Clever Recycling of Plastic
The disposal of plastic waste is one of the important environmental issues of our time: mountains of plastic pile up in emerging and developing countries, microplastics pollute the world's oceans. A group of scientists from TU Darmstadt, Fraunhofer IWKS and the German Research Center for Artificial Intelligence (DFKI) is using Artificial Intelligence to develop a new recycling process to solve this global environmental problem.
Near-infrared spectrometry is a proven sorting method that has been used in large recycling halls for years. It makes it possible to separate plastic products such as films, bags and packaging from the rest of the waste. The technology reliably recognizes the most common polymers and can classify them automatically. However, this does not work for plastics from complex products with a very high diversity of materials, which may also contain pollutants. Examples of this are electronic or clothing articles.
Theoretically, molecular chains of plastics can be reused up to 20 times. However, the recycling process would have to be significantly improved for this to happen. This is precisely where the joint project "Digital Lifecycle Record for the Circular Economy", or ReCircE for short, comes in. "Our goal is to combine sensor-based sorting processes with the possibilities of machine learning," says project leader Christiane Plociennik, a staff member at the DFKI's Innovative Factory Systems research unit.
Better analysis of complex plastic compounds
The scientists are currently training an AI system with data from near-infrared sensors, metal detectors and 3D object construction to better analyze these complex plastic compounds. In the end, the system should detect individual molecular chains in the plastic that is later melted down at an early stage and process it in such a way that it breaks down into the respective fractions - i.e. the chemical subproducts.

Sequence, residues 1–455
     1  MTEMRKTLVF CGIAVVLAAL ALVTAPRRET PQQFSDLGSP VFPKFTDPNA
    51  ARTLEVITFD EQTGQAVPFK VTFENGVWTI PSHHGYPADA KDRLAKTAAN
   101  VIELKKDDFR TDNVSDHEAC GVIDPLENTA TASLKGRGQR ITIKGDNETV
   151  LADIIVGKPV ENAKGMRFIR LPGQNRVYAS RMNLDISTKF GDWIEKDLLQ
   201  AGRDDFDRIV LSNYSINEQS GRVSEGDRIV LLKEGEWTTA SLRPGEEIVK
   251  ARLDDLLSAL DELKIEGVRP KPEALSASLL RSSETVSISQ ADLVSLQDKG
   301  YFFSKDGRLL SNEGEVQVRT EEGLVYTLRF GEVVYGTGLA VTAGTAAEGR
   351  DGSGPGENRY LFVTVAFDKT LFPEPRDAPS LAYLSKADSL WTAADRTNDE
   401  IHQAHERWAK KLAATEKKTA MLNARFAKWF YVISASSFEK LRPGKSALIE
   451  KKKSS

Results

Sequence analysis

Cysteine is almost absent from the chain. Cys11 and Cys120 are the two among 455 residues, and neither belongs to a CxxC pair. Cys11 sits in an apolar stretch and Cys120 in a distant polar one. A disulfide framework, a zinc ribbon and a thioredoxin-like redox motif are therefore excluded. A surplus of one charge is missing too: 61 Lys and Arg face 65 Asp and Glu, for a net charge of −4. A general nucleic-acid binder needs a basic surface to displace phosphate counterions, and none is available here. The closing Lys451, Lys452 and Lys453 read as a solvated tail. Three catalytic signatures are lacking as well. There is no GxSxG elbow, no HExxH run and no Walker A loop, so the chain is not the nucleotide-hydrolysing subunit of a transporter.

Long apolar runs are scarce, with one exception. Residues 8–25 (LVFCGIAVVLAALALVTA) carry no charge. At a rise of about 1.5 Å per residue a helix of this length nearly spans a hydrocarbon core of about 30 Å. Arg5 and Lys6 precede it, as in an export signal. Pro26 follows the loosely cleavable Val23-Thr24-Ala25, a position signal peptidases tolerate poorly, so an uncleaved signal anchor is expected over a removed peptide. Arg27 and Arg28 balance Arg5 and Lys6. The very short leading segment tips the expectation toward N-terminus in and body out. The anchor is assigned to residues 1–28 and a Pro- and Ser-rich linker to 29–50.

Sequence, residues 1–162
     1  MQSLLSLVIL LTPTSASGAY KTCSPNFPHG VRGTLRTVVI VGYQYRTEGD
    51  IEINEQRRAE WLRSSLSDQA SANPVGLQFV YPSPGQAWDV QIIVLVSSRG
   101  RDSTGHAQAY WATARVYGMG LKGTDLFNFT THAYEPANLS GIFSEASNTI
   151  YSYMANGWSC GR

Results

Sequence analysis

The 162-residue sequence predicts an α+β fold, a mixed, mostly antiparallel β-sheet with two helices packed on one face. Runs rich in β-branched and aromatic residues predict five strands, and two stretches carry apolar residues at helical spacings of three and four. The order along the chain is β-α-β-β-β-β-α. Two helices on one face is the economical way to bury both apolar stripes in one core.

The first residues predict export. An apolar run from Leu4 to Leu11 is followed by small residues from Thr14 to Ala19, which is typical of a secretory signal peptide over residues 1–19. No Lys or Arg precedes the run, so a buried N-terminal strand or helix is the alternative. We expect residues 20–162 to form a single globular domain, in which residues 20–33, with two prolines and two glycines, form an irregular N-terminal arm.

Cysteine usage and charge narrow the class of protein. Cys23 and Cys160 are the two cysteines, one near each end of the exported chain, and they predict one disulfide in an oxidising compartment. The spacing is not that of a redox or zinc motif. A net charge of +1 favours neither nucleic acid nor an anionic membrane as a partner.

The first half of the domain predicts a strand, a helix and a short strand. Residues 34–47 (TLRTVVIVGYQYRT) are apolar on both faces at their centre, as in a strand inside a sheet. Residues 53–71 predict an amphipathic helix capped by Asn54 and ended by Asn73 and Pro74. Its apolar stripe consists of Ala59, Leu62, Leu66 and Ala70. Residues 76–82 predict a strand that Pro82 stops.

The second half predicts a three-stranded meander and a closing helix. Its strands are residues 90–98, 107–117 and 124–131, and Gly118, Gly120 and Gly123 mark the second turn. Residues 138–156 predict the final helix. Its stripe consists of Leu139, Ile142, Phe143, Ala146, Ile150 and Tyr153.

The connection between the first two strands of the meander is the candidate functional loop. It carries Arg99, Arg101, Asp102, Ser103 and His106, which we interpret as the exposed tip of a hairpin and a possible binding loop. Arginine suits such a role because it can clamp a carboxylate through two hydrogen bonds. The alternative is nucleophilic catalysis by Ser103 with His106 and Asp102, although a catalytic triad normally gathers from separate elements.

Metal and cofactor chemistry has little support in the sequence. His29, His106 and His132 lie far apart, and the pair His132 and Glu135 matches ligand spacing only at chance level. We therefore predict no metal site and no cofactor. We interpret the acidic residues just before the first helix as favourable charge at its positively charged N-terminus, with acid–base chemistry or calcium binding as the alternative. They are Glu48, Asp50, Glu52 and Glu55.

The goal is to obtain four or five pure grades whose quality is comparable to the original plastic. As a partner in the project, Papier-Mettler, a European market leader for service packaging, will test the new plastic in practice.
Full transparency in the recyclables chain
As part of ReCircE, the project partners are also working on the creation of a so-called digital product passport. This is intended to ensure transparency throughout the entire recycling chain in order to facilitate the recycling of plastics from highly developed products. An AI system scans the data from the product passport and sorts the plastic accordingly during waste separation.
ReCircE was launched by the Rhineland-Palatinate technology initiative SmartFactory KL, in which the German Research Center for Artificial Intelligence (DFKI), TU Darmstadt, Fraunhofer IWKS and the companies Green Delta and Papier-Mettler work together.
Sensors and Communication
- Intelligent Sensor TechnologyOptimized Resource Management
Logistics [Inter- and Intralogistics]
Technologie-Initiative SmartFactory KL e.V.
Fraunhofer-Einrichtung für Wertstoffkreisläufe und Ressourcenstrategie IWKS
DFKI Standort Kaiserslautern
Technische Universität Darmstadt
Green Delta GmbH